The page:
I already have a working solution where I can specify with maven which classes to not compile when using a particular maven profile.
But I would like to use a general solution and use an annotation instead
The current solution that I have is like
<!-- Exclude some web services used only for internal testing -->
But Some thing like
would be rather nice on top of a class.
It seems to me that this might be hard (or impossible to do) without changing maven's behaviour. That is not the scope here. And this kind of annotation
you can try this...
<build> <plugins> <!-- Run annotation processors on src/main/java sources --> <plugin> <groupId>org.bsc.maven</groupId> <artifactId>maven-processor-plugin</artifactId> <executions> <execution> <id>process</id> <goals> <goal>process</goal> </goals> <phase>generate-sources</phase> </execution> </executions> </plugin> <!-- Disable annotation processors during normal compilation --> <plugin> <groupId>org.apache.maven.plugins</groupId> <artifactId>maven-compiler-plugin</artifactId> <configuration> <compilerArgument>-proc:none</compilerArgument> </configuration> </plugin> </plugins> </build>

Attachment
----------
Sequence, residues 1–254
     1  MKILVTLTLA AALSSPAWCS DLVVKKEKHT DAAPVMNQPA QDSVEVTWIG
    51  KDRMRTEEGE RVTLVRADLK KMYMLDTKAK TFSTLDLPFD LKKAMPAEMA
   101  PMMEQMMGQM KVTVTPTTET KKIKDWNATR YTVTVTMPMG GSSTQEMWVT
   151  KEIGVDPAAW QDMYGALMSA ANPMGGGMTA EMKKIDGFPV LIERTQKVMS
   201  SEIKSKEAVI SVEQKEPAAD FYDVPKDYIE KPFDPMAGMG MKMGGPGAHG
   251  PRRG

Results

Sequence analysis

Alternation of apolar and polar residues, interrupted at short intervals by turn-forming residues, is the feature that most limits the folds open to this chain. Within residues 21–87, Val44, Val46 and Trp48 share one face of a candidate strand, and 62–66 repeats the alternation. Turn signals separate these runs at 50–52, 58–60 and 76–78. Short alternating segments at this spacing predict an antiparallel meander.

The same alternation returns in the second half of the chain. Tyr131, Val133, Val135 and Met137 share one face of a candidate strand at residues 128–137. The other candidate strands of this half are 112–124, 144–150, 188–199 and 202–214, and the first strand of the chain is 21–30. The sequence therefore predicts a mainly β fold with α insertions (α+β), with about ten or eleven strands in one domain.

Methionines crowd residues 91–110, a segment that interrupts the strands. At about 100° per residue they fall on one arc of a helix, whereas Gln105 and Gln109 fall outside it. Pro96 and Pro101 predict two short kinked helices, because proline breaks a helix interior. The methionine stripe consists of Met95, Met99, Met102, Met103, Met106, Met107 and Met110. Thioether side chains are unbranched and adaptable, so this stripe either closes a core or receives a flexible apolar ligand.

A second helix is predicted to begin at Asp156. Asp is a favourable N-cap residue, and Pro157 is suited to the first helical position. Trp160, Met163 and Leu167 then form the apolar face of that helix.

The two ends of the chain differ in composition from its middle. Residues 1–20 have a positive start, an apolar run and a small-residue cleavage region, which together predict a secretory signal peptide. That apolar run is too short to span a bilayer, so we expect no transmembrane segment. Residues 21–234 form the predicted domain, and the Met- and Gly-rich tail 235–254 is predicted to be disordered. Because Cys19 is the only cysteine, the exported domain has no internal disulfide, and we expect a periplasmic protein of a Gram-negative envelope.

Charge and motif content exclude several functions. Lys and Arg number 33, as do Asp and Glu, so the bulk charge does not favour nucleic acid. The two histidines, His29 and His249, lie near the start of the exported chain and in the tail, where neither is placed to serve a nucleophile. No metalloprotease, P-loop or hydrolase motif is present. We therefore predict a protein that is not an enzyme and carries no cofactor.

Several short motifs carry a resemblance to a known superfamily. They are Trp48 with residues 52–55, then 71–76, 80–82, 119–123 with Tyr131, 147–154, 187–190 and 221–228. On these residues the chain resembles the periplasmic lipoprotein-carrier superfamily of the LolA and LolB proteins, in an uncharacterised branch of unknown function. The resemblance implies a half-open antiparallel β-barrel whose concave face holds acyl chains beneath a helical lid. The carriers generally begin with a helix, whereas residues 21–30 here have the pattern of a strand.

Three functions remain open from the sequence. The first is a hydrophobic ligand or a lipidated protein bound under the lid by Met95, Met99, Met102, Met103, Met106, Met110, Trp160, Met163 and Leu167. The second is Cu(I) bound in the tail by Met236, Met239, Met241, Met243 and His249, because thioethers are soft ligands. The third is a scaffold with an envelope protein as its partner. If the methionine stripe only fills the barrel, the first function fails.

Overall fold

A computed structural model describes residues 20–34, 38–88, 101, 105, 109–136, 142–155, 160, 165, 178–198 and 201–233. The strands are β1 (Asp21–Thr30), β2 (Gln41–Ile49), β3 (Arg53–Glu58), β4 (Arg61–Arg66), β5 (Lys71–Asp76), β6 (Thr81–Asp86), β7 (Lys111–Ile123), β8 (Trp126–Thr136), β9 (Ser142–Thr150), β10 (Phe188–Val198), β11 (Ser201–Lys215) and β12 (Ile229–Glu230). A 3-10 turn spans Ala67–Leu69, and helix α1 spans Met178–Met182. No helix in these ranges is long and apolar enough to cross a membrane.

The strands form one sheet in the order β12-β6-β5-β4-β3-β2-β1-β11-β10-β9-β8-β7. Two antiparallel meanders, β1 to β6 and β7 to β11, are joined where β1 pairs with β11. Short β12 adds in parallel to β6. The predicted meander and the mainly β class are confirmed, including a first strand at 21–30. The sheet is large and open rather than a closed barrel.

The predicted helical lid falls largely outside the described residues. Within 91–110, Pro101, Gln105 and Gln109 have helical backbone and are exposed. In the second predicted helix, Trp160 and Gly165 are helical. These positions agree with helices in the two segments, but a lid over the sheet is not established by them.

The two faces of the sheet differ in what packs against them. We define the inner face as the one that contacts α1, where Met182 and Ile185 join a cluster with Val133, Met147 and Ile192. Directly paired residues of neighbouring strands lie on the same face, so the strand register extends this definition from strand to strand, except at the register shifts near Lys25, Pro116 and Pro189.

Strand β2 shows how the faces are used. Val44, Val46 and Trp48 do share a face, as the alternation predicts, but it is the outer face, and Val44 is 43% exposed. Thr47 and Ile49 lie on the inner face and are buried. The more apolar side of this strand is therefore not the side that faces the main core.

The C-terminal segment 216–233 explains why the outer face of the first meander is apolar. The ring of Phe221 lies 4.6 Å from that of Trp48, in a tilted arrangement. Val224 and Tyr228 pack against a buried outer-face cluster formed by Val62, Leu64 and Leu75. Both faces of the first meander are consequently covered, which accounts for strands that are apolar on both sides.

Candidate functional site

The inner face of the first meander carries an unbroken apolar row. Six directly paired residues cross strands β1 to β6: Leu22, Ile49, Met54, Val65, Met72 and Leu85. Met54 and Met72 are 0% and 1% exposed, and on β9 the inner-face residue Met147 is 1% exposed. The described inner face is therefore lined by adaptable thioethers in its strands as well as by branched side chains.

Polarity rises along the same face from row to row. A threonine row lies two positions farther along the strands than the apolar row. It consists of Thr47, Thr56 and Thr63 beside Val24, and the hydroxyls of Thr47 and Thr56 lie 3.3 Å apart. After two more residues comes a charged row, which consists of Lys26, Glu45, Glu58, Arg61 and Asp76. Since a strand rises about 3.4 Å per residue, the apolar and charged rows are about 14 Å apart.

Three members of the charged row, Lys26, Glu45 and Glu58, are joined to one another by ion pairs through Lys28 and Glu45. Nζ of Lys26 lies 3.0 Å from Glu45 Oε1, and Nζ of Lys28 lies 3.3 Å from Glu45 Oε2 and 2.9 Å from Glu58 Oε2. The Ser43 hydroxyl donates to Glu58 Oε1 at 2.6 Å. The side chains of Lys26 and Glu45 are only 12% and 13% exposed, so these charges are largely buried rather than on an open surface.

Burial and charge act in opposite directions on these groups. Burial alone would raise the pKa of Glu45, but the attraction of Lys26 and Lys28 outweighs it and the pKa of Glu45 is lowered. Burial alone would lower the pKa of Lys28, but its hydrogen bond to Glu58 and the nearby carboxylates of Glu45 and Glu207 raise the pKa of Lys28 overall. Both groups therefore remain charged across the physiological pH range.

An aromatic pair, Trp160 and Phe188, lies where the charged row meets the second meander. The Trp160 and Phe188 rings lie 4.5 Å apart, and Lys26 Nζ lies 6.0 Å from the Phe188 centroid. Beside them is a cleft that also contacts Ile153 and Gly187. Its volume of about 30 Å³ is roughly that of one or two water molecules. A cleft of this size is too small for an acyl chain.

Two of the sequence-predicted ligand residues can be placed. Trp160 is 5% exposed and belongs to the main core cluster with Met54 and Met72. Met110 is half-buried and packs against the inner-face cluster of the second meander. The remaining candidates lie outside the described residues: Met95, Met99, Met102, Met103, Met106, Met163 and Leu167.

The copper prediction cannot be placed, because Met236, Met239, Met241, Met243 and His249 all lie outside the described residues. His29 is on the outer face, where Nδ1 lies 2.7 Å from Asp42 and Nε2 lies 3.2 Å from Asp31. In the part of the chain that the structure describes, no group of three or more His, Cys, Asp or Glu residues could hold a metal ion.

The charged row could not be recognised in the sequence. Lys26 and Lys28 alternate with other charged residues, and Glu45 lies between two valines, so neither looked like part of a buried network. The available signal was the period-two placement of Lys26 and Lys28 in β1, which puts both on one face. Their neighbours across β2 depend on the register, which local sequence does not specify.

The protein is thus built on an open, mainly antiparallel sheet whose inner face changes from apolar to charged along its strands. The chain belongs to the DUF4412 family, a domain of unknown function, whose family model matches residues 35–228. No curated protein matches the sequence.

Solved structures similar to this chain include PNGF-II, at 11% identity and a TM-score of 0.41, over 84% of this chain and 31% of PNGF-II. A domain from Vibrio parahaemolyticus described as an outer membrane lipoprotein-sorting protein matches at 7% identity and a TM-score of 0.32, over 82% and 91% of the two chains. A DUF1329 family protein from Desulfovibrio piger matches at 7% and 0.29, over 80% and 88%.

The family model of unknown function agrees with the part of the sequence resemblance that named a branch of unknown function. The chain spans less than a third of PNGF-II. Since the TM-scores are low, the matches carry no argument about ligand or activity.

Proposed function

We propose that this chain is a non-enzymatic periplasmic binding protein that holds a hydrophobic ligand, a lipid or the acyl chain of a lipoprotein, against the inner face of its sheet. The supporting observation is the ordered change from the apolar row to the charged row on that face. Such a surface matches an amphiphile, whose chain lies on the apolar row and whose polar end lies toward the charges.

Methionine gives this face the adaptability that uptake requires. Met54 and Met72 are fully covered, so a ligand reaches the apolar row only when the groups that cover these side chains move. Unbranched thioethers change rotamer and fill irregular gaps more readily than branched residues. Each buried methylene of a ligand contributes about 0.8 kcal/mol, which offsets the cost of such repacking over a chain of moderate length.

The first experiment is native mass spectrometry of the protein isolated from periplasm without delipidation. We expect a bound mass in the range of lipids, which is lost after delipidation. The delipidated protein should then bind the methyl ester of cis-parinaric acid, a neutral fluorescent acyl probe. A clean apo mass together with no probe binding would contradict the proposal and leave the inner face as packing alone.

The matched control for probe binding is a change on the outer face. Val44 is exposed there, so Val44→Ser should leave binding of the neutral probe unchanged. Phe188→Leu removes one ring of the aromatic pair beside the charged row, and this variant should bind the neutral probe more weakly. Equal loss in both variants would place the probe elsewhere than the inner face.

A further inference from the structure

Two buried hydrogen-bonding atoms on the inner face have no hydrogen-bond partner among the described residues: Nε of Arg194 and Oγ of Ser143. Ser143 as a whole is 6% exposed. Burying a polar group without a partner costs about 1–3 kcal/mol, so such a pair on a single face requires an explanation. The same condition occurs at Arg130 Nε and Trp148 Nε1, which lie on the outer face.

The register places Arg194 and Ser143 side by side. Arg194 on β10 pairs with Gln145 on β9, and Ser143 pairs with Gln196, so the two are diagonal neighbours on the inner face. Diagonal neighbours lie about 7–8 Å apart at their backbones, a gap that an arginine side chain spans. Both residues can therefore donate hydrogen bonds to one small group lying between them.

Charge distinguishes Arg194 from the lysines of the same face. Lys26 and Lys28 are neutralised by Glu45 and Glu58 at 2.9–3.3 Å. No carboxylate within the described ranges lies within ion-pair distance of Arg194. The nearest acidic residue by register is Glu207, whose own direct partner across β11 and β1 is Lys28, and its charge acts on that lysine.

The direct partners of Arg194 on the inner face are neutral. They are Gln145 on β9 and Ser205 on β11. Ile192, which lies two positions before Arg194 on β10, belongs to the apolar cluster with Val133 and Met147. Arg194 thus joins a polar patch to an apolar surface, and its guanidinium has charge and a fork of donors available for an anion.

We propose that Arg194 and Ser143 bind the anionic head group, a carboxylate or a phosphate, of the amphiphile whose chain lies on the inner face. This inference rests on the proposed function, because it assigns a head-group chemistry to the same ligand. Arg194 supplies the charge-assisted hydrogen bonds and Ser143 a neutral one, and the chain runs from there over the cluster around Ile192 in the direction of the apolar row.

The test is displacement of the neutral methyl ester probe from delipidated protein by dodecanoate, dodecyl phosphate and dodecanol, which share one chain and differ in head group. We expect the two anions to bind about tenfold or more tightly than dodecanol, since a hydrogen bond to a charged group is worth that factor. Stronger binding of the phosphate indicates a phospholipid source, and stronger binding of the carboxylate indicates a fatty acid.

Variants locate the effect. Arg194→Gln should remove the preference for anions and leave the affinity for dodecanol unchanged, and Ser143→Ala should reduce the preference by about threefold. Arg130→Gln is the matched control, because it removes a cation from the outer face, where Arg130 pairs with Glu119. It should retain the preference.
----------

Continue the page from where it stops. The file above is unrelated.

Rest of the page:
You cannot (I assume) use an annotation to determine what source code gets presented to the java compiler, because you need to compile the source code in the first place to process the annotation.
It seems like you need to create different modules in your maven project: one that generates a jar file with the production code, and one module that generates a jar file with testing implementation with a dependency on the production artifact.
If the code really does need to be in the same maven module, then the code should always be compiled. You can however use
maven-jar-plugin to create multiple artifacts at the
package phase: the default
artifactId.jar, and an
artifactId-test-lib.jar artifact. You can do this by specifying multiple executions for the plugin, and using
<excludes> to split the jar files as required.